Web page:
Blog Tour: The Revelation Room (Mark Tilbury) @MTilburyAuthor @Bloodhoundbook ‏

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Welcome to my stop on The Revelation Room, by Mark Tilbury, blog tour!

I had read a Mark Tilbury novel before (I LOVED The Abattoir of Dreams, you can check out my review for that one here) so I knew that this author was capable of writing a novel that would be fantastically written and chilling to the bone, a novel that would sit with you long after you have turned the final page.  I am pleased to say, The Revelation Room did just that!

The first novel in a new series of psychological mystery thrillers! Part thriller and part twist on the police procedural novel, The Revelation Room provided a dark, fast paced, tension filled plot fueled with the inner-workings of a cult, completely messed up characters (like, seriously messed up) and dynamic prose to create one stellar, unputdownable read. I devoured this in a sitting.

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Book Review: Block 46 (Johana Gustawsson) @OrendaBooks ‏@JoGustawsson

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Well, I am going to cut to the chase people. Block 46, by Johana Gustawsson, absolutely blew me away. This book will end up being one of my favourite reads of the year. Hands down. No questions.

This book wears so many hats; it truly is a book for everyone.   Fans of historical fiction will love its general premise rooted in the Second World War and the Holocaust. Suspense and mystery fans will devour its ominous tone, it’s red herrings and intricate, meticulously weaved storyline. Thriller fans will be impressed with the pace, the jaw-dropping plot twist, and the creepy nature of the serial killer character.

In this story, multiple things are happening right from the first pages. In 2014, in Sweden, a body of a woman is discovered and investigators begin to hunt down the perpetrator.   Not far, in England, the bodies of young boys are being discovered in shallow graves, the work of another serial killer.   Emily Roy, an RCMP (yeah Canada!) and a profiler on loan to the Scotland Yard begins working alongside true crime writer Alexis Castells to investigate these cases. Meanwhile, the novel flashes back and forth to 1944 to Buchenwald Concentration Camp where Enrich Ebner is suffering in the midst of the Holocaust.  Continue reading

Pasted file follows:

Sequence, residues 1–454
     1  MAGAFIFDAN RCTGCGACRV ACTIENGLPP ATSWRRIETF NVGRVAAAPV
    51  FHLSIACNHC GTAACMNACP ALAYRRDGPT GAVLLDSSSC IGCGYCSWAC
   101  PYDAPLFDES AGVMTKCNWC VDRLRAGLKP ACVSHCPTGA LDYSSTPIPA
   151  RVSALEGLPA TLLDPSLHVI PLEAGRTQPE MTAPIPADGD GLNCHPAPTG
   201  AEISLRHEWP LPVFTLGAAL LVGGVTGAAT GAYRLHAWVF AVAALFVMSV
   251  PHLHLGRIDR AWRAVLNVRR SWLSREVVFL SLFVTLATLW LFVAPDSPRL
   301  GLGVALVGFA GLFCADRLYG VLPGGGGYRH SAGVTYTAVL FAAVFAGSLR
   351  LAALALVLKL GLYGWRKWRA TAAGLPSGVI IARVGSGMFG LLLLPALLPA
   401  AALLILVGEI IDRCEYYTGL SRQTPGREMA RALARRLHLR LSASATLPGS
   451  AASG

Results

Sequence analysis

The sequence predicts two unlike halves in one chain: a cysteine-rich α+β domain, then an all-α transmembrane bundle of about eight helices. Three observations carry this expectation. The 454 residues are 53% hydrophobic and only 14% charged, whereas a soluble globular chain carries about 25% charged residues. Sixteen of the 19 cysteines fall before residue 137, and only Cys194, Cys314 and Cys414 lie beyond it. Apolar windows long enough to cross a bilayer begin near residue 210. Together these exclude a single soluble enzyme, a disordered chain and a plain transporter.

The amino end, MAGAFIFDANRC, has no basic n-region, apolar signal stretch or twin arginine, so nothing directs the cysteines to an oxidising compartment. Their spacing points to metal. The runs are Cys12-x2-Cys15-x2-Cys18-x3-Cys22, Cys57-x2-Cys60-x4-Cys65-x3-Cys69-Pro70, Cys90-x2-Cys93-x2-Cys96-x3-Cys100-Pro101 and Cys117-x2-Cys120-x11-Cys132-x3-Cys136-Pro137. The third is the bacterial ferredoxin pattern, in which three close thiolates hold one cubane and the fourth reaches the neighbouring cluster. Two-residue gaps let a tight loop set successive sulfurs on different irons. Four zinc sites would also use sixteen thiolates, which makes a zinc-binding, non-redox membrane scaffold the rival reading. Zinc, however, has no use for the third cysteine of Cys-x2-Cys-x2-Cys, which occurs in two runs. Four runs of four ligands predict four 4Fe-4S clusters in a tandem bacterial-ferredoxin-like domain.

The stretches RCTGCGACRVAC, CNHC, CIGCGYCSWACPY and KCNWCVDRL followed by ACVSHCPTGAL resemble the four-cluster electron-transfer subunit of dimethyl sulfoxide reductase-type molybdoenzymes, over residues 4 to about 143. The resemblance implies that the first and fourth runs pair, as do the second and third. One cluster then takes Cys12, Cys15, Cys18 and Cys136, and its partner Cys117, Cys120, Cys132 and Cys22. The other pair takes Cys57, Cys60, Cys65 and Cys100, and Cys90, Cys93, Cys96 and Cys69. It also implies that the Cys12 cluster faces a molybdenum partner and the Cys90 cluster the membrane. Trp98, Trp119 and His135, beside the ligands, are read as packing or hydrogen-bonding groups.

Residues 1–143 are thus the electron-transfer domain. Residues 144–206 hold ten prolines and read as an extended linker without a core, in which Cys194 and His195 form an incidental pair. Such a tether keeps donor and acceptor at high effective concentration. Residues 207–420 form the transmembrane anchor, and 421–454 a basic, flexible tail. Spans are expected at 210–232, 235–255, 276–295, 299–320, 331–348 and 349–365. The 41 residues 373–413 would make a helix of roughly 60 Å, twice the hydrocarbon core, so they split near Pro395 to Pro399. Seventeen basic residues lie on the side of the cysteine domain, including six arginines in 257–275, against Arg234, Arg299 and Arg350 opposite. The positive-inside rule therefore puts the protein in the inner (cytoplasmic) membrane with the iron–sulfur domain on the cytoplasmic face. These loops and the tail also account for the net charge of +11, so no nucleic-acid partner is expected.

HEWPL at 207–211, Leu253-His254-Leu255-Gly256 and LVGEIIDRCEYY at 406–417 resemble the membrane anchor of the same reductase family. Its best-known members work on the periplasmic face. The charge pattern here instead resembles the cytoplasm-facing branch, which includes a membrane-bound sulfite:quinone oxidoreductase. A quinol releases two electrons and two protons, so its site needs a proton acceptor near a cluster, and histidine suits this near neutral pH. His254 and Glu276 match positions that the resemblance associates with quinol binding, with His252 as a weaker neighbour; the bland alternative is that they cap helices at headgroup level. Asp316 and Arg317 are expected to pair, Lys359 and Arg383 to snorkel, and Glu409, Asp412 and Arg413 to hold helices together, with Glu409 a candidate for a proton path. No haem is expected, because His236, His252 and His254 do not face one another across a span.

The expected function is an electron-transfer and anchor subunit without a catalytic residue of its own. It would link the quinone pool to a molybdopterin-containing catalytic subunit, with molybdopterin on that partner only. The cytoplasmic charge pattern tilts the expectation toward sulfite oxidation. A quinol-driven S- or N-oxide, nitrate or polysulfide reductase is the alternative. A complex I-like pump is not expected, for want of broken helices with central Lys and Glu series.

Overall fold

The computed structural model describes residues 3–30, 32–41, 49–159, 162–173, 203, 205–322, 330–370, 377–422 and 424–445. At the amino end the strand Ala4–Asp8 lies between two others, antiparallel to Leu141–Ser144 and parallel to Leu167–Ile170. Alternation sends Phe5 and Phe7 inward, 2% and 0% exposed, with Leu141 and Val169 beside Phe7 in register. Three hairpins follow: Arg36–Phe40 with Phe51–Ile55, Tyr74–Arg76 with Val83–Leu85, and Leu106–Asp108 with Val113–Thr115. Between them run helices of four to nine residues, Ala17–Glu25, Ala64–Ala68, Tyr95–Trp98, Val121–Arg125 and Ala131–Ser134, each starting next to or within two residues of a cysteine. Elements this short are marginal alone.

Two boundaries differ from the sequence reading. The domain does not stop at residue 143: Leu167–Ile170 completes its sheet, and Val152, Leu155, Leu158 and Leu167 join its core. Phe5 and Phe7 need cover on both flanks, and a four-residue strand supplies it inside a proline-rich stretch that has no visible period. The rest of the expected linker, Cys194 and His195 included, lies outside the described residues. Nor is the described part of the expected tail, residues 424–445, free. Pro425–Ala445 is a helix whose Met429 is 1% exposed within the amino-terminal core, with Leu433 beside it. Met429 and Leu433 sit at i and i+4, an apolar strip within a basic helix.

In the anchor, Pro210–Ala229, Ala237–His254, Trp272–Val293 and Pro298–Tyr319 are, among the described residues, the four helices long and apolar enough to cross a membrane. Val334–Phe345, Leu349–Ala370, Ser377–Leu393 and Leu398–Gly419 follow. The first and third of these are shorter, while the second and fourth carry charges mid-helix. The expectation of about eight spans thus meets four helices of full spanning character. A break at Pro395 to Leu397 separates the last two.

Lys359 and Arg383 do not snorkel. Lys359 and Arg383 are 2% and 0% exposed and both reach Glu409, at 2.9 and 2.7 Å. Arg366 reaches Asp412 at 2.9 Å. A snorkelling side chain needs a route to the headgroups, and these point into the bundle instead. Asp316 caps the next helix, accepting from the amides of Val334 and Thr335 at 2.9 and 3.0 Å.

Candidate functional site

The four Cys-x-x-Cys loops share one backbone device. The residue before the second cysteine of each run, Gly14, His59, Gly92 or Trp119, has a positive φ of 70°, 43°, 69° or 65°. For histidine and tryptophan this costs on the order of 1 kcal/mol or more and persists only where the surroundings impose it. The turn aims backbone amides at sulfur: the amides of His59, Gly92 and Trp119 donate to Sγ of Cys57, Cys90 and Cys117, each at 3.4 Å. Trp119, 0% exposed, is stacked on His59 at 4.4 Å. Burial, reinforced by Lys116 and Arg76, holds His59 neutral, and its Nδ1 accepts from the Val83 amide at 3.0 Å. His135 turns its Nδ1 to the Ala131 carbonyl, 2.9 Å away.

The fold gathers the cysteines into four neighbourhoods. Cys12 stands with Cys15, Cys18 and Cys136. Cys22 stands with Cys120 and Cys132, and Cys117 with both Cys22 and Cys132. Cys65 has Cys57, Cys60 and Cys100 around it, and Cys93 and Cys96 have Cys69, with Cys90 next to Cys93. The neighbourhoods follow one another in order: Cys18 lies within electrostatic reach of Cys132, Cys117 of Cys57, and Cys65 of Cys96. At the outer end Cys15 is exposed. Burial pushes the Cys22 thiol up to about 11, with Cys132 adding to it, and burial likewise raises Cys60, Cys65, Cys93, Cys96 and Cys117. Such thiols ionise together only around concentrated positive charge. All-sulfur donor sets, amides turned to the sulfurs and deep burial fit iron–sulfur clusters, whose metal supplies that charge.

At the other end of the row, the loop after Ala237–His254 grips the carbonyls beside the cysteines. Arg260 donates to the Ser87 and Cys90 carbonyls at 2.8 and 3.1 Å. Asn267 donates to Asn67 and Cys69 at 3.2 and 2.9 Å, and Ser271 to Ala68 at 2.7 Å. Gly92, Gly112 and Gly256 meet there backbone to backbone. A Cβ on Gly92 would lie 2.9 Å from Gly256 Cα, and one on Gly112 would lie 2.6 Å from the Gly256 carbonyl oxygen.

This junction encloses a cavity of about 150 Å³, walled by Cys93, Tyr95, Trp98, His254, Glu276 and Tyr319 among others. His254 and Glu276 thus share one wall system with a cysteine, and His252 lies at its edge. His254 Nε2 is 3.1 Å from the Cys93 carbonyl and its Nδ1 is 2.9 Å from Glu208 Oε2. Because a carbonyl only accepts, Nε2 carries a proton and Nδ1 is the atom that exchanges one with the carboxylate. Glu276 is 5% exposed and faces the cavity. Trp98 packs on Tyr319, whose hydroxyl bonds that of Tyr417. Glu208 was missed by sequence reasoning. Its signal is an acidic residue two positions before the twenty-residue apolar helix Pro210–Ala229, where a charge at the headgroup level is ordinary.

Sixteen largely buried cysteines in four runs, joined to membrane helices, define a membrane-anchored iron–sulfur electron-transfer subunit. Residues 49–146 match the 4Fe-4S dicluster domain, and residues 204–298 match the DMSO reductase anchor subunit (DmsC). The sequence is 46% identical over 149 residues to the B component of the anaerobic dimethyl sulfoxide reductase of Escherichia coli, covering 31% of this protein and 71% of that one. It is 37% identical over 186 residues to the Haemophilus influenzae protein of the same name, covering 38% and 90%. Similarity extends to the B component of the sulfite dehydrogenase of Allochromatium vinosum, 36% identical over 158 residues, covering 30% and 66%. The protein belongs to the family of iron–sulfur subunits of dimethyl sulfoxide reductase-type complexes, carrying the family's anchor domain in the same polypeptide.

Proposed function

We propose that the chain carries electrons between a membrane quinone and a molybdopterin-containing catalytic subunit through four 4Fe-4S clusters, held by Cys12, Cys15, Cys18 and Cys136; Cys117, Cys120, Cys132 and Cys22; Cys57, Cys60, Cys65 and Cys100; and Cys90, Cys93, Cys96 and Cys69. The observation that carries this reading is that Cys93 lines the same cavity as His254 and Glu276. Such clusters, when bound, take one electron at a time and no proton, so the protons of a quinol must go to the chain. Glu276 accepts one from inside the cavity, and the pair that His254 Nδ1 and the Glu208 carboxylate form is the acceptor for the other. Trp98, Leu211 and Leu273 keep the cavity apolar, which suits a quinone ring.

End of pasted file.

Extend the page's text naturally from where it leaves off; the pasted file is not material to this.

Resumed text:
Book Review: Obsession (Amanda Robson) @AvonBooksUK

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How often have you been in a relationship and asked your significant other, “Do you think she’s pretty? Are you attracted to anyone else?”   A simple question, a little game and in Obsession by Amanda Robson, this is the question that destroys many lives.    The novel surrounds two married couples. Rob and Carly share a happy life with their close friends Jenni and Craig; however, nothing is so simple. Can a woman’s husband ever be just friends with someone else’s wife? Pure friends? With no ulterior motives?  This novel calls into question the simplest blocks of relationships.

 

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BOMG Book Review: New Boy (Tracy Chevalier) @Tracy_Chevalier @PenguinCanada

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As an English teacher, it is a bit of a no-brainer that one has to learn to like or at least learn to accept Shakespeare.   I have come to love the work of the bard, but some of my teenaged counterparts would disagree with me. It isn’t easy to make a group of teens translate this vernacular.   I was so surprised that I had never heard of the Hogarth Shakespeare series before. Where am I living? Under a rock??